These concerns notwithstanding, some participants also supported the operation of UK researchers and fertility companies in more permissive countries, at least if these collaborations would enable patients to access potentially beneficial interventions for severe genetic disorders that are not yet available in the UK. Two central reasons were cited to support this perspective: (i) inaction is a violation of patients rights and ignores patient suffering; (ii) acknowledging reproductive freedom is especially important in light of the burden and inevitability of serious genetic diseases, and the instinctive and intuitive desire of parents to have an unaffected child.
The involvement of UK researchers in science-driven overseas clinical research studies: Participants saw involvement of UK researchers and clinicians in overseas HGE trials as acceptable, as long as these interventions were provided as part of a systematic, science-driven clinical study format that was formally approved by a government agency and conducted in line with international guidelines. As a set of minimum criteria for involvement in international HGE trials participants suggested the following yardsticks: (i) open and transparent treatment protocols; (ii) independent ethical review; (iii) approval by a national-level government agency; (iv) clinical applications must be based on sufficient preclinical evidence on safety and efficacy; (v) follow from a convincing medical rationale that justifies the interventions; and (vi) be conducted only in an international dialogue and under systematic, independent peer review.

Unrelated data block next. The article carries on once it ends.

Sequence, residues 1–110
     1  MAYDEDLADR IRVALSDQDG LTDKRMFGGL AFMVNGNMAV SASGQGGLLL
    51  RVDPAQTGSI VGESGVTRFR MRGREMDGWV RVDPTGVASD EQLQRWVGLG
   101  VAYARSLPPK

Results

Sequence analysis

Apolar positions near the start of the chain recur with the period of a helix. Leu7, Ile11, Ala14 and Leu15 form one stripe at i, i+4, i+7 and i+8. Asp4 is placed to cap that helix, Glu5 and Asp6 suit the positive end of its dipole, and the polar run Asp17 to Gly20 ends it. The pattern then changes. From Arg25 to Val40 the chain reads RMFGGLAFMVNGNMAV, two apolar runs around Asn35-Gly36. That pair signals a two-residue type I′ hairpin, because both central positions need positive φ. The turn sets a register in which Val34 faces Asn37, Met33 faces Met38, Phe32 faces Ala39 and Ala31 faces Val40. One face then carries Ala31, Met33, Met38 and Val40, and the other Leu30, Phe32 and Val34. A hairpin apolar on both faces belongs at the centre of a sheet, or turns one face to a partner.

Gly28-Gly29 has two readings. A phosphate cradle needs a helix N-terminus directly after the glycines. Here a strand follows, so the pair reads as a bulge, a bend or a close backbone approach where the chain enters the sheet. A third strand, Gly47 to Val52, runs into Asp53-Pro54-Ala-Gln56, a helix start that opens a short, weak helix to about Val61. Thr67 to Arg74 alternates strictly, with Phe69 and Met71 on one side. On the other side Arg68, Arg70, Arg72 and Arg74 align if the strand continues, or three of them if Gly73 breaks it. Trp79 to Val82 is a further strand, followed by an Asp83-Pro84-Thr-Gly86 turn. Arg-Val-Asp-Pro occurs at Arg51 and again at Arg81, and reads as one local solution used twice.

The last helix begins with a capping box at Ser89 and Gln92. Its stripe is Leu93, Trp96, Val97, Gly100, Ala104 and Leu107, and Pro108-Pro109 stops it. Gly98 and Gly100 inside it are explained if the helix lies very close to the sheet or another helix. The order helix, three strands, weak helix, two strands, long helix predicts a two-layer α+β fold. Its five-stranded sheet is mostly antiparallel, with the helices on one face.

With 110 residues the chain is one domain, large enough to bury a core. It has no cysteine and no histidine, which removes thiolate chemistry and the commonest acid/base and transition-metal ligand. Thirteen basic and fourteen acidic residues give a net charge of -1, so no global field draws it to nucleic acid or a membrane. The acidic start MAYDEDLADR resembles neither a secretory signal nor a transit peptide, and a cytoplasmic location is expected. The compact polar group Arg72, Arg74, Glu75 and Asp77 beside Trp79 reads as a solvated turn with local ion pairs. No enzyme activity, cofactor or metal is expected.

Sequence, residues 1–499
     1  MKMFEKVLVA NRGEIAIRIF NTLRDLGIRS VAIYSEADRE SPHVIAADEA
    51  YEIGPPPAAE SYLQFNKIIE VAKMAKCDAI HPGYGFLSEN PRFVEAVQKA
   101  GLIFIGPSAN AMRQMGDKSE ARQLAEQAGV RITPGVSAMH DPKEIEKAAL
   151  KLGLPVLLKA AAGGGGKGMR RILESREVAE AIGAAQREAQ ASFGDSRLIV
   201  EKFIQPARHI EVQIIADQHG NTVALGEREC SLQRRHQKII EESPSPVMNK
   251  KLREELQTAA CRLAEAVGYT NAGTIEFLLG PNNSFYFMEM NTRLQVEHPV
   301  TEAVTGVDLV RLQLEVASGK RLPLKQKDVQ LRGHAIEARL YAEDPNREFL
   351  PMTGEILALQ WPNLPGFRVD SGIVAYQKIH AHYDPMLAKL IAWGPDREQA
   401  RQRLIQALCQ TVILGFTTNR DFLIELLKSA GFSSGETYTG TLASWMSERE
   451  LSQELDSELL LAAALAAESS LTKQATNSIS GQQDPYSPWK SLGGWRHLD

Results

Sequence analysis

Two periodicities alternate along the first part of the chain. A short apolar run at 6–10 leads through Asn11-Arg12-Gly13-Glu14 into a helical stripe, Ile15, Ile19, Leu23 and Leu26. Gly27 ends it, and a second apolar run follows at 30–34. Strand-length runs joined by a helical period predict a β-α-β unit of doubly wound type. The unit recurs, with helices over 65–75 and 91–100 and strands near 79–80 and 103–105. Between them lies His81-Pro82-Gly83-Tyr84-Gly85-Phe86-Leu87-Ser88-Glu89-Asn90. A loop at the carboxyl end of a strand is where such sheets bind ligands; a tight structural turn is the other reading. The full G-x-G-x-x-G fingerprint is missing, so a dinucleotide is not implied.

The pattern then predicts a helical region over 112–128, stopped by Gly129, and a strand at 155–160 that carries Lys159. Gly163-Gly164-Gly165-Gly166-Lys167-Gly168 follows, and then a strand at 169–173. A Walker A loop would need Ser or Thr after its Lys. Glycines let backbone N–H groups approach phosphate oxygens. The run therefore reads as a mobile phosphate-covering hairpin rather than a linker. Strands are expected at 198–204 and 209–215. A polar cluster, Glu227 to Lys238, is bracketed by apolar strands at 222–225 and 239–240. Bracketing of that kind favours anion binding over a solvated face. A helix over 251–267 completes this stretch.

(4) Generated policy options to address identified challenges
Based on the methodological approach of forward engagement (as developed by Fuerth 2012), which aims to identify challenges that arise from new technologies as well as possibilities for adaptation and governance as far in advance as possible, the project also aimed to generate potential policy options through which identified challenges can be addressed.
In the context of interviews and workshop, participants developed the following seven policy options:
- Proactive regulation: the option that the UK should change current legislation to permit clinical HGE research and applications before other countries, to set an example to the world on how to regulate clinical research and practice in this whole area.
- International guidelines: all participants agreed that the development of international guidelines for HGE clinical research and applications was essential. But it was also acknowledged that (i) these guidelines would not be legally enforceable, (ii) a complete global consensus on how to regulate this field will be impossible to achieve, and (iii) that international standards will not reach all stakeholders in this field.